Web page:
Part of our series of retrospective blogs celebrating IFA Magazine’s ten year anniversary. Liz Field, Chief Executive of PIMFA, identifies the introduction of the Retail Distribution Review as a defining moment of the past decade, with it transforming professional financial advice largely for the better. However, Liz also calls one unintended consequence of the RDR to attention.
The last decade has seen a huge amount of change within our industry with probably one of the biggest changes being the introduction of the Retail Distribution Review (RDR). The RDR has changed the landscape of advice, in many ways for the better, but there has been at least one unintended consequence that we at PIMFA are determined to address over the coming years.
Among the pluses over the last ten years the RDR has led to greater professionalism within the advice sector, as a result of increasing pressure on advisers to gain recognised qualifications. We’ve also seen wealth managers widen the services they offer to include financial planning and advice and provide a more holistic service to their clients overall. Banks have begun to return to the advice market too, partly as a result of the ring fencing of investment banking services.
But the number of people that receive advice has remained stubbornly low. Just 10% of the UK population say they have ever taken financial advice, while 79% say they have no intention of ever doing so and 62% saying they don’t feel they need help with their finances. Cost is often cited as a large factor, driven by the reforms brought in by the RDR and MIfid II, but also increases to the Financial Services Compensation Scheme (FSCS) levy, which has over the last decade become a safety net for bad actors within our industry as much as for consumers.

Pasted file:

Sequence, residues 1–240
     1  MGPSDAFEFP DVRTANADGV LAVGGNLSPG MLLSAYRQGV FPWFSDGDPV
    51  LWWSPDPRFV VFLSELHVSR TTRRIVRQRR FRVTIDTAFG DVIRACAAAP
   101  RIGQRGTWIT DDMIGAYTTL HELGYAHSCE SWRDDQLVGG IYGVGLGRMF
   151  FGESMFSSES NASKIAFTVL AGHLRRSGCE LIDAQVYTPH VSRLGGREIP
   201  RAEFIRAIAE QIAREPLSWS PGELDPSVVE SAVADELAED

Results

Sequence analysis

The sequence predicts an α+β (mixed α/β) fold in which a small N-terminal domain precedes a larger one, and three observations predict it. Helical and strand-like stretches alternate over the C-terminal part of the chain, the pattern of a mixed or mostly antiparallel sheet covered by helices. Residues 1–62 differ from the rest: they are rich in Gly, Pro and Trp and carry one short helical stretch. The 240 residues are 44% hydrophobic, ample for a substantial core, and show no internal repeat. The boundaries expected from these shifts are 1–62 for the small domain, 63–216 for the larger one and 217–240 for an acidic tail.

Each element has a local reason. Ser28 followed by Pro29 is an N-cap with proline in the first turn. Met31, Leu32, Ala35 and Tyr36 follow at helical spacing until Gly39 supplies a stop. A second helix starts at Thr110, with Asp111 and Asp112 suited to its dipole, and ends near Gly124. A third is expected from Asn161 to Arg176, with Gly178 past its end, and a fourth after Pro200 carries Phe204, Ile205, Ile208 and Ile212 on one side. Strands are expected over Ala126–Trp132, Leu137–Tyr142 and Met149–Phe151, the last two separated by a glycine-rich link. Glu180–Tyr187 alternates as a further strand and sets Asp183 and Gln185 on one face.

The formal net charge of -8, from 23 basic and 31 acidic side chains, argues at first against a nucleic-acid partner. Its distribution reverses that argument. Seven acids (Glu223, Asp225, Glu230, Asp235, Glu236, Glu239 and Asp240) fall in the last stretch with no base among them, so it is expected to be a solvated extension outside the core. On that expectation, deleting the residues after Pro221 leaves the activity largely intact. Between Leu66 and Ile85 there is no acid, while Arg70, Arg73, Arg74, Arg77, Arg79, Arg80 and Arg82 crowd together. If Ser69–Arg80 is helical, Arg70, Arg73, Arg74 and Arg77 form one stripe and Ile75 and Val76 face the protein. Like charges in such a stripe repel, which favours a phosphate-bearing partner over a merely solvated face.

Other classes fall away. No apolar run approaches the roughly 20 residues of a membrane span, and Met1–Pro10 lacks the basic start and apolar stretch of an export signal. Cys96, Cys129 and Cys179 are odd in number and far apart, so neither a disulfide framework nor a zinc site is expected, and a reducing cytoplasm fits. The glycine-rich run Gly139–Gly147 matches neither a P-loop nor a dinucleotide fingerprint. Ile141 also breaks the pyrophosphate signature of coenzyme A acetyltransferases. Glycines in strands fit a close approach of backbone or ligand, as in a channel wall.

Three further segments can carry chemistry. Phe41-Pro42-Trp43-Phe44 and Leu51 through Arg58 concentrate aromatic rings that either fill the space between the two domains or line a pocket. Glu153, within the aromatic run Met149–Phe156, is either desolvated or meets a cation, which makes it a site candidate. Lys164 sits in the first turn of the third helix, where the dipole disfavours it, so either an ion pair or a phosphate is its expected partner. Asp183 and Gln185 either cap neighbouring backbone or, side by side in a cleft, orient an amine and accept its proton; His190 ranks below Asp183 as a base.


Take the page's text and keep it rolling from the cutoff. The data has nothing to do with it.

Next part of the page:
Advances in technology have played their part too, with the rapid adoption of fintech and robo-advice platforms combining lower cost entry into the investment market with consumers’ self-belief that they don’t need help to manage their finances.
These are challenges that, as an industry we can and must address in the next decade through the provision of a lower cost and simplified advice model and through the provision of advice that accommodates advances in technology through the offer of more hybrid advice services.
We also have an opportunity to reshape the way our industry is regulated, now that we have left the European Union, reduce many of the cost pressures we face, and concentrate on offering more innovative advice services to a wider cohort of British society. The next ten years could well see far greater change in our industry than the previous ten years have but they are likely to be largely positive and I’m sure IFA Magazine will be there to document them all.